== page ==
• Ken (chairperson of the BWS Board of Directors) and Jill Smith: Harmony Room (a residential room);
  • Brian and Brenda Cummins: a residential room. Brian Cummins is chief financial officer at Ohio Tool Systems Inc. and Brenda Cummins is director of foundation administration and community engagement at Summa Foundation;
  • Barbara Wright, philanthropic supporter of the BWS: a residential room;
  • Jay and Gigi Krasovec and Alan and Robin Rothenbuecher, with Ice Miller LLP: a residential room;
  • The Heckman, Cavanaugh, Gerber families and close family friends: a residential room;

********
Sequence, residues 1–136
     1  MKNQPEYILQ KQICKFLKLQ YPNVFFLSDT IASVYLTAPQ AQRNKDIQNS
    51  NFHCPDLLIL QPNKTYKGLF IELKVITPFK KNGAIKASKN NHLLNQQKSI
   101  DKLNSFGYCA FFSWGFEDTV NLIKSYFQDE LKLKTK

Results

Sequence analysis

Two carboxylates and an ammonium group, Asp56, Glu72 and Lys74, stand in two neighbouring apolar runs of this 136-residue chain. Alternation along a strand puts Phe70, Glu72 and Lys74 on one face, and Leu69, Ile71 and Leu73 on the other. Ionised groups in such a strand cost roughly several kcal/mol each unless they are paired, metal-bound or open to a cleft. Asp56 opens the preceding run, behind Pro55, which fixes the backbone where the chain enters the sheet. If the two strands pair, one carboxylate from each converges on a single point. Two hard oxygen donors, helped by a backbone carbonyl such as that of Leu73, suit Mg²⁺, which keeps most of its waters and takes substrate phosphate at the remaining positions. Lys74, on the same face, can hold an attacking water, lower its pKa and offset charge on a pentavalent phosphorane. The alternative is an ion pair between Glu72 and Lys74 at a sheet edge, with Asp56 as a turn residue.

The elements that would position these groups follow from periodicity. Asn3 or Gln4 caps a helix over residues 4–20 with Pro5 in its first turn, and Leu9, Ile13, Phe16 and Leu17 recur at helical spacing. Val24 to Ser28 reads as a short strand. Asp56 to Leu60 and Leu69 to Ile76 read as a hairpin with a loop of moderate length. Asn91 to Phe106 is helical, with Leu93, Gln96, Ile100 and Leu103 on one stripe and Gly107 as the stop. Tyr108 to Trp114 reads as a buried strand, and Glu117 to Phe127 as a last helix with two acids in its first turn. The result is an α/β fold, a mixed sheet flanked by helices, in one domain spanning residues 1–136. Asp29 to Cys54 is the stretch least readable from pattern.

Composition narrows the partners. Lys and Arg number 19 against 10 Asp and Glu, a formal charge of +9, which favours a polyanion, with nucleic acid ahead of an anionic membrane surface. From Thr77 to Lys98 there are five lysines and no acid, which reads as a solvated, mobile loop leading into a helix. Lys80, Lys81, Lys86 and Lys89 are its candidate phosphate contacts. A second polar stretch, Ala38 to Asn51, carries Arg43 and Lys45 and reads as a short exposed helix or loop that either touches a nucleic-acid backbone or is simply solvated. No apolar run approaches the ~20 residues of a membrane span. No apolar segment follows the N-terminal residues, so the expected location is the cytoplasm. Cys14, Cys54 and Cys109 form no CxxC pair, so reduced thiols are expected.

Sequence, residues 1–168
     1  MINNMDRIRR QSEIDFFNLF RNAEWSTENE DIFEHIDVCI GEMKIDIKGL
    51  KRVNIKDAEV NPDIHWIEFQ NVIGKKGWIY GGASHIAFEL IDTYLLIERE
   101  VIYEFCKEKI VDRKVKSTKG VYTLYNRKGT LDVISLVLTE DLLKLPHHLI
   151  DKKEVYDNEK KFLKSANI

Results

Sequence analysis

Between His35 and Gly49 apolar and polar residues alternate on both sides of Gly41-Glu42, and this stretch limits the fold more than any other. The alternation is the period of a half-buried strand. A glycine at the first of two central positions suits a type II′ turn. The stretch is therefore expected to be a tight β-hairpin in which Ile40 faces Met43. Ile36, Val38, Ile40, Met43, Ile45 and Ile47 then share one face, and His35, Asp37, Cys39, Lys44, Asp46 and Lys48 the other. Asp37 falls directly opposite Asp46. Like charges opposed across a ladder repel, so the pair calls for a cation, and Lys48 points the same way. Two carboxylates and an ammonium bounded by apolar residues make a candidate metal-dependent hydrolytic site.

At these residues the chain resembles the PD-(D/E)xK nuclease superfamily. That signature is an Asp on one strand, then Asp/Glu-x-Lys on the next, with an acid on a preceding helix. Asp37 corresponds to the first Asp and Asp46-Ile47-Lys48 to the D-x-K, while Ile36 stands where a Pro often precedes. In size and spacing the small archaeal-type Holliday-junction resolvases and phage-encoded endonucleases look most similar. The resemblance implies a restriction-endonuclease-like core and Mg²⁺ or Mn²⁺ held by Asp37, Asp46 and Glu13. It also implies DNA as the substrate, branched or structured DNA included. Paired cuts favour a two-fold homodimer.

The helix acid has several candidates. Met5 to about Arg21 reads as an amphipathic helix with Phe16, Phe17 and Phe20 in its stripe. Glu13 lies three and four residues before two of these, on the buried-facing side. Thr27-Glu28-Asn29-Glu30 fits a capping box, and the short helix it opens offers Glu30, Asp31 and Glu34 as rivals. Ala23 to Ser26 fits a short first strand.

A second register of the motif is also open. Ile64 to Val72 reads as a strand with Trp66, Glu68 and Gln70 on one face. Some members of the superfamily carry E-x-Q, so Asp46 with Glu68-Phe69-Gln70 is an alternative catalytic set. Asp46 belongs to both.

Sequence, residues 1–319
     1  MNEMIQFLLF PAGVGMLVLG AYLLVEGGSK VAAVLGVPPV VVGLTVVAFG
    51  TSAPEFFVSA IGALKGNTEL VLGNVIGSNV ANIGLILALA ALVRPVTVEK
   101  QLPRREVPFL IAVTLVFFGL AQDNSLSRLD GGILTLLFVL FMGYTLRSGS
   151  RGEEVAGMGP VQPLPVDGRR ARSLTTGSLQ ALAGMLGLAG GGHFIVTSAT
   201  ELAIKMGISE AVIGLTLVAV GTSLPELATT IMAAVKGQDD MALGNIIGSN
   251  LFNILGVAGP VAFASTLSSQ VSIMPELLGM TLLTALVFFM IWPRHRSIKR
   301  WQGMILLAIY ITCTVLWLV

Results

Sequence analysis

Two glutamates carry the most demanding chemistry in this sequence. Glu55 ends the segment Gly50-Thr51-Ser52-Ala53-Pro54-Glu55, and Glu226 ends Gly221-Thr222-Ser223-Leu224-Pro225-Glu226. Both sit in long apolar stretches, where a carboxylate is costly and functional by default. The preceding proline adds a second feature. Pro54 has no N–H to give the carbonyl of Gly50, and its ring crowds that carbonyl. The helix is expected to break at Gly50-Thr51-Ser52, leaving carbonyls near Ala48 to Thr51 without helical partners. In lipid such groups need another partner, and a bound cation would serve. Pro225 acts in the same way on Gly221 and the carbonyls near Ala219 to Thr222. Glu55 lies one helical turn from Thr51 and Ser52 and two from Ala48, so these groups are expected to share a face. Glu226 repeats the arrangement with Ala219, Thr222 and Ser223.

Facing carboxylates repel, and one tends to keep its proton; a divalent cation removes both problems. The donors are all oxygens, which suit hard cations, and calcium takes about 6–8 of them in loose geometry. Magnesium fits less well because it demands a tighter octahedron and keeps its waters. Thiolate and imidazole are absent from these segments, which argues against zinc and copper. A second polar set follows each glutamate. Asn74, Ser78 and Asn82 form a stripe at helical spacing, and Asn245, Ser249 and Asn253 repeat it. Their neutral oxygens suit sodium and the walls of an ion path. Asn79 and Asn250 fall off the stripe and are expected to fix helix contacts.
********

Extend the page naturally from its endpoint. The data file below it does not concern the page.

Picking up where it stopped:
• Fred and Kathy Bean, of Green, long-time volunteers: a residential room;
  • Keith and Gabrielle Allman, new supporters: a residential room;
  • The Andrea Rose Teodosio Foundation: the first senior-specific shelter suite, with double mattress beds, a recliner or rocking chair, additional lighting, safety bars in the bathrooms, large print reading materials and other senior-specific niceties and necessities. BWS officials are working with the Summit County Department of Job and Family Services, Adult Protective Services Department and Summit County Public Health to determine the needs of this group of domestic violence victims, according to BWS officials.

Volunteers to assist at the new facility, as well as regular supplies, are also needed. For more information on that and the organization, visit www.scmcbws.org or www.rccmsc.org, or call 330-374-0740.